Python Threat Hunting Tools: Part 4 — Browser Automation

Python Threat Hunting Tools - Browser Automation

Welcome back to this series on building threat hunting tools!

In this series, I will be showcasing a variety of threat hunting tools that you can use to hunt for threats, automate tedious processes, and extend to create your own toolkit! The majority of these tools will be simple, focusing on being easy to understand and implement. This is so that you, the reader, can learn from these tools and begin to develop your own. 

There will be no cookie-cutter tutorial on programming fundamentals, instead, this series will focus on the practical implementation of scripting/programming through small projects. It is encouraged that you play with these scripts, figure out ways to break or extend them, and try to improve on their basic design to fit your needs. I find this the best way to learn any new programming language/concept and, certainly, the best way to derive value!

In this installment, we will be delving into the topic of browser automation and see how we can automate a threat intelligence process when API access is not available.

What is Browser Automation?

Browser automation refers to the process of automating tasks that are typically performed manually by a user in a web browser. It involves using software tools or scripts to replicate user interactions with a web browser, such as clicking buttons, filling in forms, navigating between pages, and extracting data.

 There are two primary purposes for browser automation:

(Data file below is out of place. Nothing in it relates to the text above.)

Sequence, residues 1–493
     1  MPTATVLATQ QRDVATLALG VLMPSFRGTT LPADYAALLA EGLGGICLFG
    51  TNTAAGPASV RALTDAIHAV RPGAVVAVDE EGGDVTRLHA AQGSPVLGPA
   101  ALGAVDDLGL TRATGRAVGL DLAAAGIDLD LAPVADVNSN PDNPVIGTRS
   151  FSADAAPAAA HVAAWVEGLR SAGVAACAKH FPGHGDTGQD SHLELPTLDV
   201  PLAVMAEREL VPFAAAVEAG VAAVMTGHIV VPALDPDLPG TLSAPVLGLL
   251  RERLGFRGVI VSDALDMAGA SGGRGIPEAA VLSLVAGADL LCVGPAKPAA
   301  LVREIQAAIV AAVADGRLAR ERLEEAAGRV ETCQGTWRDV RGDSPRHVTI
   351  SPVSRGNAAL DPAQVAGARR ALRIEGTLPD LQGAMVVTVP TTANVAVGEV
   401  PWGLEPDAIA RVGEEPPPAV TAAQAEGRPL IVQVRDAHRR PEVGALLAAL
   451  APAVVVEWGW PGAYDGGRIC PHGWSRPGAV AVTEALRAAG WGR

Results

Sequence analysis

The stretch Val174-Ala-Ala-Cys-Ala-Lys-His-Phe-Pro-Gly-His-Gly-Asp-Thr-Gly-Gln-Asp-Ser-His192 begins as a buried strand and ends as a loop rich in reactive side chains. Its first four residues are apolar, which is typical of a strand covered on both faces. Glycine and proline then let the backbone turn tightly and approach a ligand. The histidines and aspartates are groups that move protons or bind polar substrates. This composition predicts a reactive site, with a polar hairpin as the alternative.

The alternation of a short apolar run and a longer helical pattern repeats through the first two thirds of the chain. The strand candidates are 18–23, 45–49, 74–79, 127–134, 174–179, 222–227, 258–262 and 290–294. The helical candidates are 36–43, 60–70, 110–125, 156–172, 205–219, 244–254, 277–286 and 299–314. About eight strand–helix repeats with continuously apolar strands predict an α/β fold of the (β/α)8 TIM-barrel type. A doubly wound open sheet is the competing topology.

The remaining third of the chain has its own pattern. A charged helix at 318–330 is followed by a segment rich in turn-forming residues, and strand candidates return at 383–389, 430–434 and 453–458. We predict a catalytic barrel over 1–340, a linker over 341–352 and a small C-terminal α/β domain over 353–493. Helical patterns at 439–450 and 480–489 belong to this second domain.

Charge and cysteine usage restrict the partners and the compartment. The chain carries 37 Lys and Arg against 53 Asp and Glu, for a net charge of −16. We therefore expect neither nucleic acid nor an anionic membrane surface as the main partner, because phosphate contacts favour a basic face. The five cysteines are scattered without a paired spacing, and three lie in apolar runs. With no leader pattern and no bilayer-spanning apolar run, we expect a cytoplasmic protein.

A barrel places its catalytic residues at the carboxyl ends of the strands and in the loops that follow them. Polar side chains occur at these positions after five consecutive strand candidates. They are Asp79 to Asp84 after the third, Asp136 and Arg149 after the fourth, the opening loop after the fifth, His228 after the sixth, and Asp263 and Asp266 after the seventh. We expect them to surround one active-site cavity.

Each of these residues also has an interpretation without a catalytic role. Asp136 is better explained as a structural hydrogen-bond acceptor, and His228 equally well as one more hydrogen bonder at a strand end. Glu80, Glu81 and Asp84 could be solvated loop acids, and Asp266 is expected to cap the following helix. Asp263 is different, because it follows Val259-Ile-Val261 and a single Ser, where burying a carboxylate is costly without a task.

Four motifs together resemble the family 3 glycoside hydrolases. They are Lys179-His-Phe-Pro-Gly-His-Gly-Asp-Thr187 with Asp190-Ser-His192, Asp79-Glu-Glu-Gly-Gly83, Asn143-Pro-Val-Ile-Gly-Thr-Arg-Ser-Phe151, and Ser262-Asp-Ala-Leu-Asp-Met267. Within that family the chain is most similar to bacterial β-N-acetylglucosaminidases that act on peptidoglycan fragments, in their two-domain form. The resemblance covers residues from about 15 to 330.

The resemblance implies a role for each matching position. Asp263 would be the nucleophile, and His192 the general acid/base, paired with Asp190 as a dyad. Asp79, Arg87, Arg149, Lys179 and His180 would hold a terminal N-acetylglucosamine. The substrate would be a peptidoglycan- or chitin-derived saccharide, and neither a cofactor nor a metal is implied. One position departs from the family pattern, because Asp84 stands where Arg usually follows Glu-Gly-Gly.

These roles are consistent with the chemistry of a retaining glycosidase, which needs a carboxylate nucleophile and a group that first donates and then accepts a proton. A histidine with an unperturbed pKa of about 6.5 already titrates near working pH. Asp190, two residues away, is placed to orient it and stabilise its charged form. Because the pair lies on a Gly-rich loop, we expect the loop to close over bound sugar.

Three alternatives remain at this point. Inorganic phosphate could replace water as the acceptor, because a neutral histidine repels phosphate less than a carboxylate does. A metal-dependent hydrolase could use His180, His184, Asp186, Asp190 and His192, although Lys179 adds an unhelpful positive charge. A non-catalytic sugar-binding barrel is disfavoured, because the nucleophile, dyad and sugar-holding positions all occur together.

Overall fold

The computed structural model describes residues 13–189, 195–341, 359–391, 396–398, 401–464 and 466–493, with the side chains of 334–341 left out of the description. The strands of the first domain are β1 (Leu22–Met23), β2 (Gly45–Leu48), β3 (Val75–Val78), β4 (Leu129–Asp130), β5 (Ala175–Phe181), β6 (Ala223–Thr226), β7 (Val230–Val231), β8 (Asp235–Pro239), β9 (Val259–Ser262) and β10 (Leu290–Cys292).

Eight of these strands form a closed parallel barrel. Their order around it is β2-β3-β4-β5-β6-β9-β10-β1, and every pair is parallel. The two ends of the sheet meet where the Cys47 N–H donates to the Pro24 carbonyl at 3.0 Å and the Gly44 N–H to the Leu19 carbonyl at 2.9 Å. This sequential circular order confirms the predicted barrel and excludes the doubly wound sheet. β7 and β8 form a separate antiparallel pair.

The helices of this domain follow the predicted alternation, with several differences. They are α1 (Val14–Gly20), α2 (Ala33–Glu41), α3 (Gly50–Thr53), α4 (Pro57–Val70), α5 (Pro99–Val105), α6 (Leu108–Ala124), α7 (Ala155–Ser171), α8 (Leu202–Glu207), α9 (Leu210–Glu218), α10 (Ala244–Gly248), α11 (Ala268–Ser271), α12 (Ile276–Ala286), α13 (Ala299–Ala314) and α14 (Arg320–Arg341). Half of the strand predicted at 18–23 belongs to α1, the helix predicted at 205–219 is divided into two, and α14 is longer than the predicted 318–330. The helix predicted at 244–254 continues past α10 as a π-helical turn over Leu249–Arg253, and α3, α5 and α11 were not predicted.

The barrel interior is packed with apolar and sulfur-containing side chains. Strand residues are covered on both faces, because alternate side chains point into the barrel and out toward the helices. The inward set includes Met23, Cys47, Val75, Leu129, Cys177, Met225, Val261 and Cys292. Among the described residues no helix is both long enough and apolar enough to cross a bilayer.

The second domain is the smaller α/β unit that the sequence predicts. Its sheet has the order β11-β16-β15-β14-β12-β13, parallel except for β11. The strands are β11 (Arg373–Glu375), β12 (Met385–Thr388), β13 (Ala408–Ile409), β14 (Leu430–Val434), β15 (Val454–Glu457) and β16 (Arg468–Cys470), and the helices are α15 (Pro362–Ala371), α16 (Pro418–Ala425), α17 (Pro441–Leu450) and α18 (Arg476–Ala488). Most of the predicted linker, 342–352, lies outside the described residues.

• Web Scraping: Where data is extracted from websites for analysis or other purposes.
  • Web Testing: Where automated tests are run to ensure that web applications function correctly.
What is Browser Automation?

There are several tools and frameworks available for browser automation, including Selenium, Puppeteer, and Playwright. These tools allow developers to write scripts or programs that interact with web browsers in a programmatic way, making it possible to automate repetitive tasks and save time and effort. In this demonstration, we will be using Selenium.

Selenium is an open-source browser automation framework that allows developers to automate web browsers for testing purposes, web scraping, or any other task that requires browser automation. It supports multiple programming languages, including Java, Python, Ruby, and JavaScript, making it a popular choice for automation tasks across different platforms and technologies.

Developers use Selenium through a set of APIs that allow them to interact with web pages in a programmatic way and simulate user interactions such as clicking buttons, filling out forms, and navigating between pages. It also provides features for capturing screenshots, handling alerts, and working with different web elements such as dropdowns, checkboxes, and radio buttons.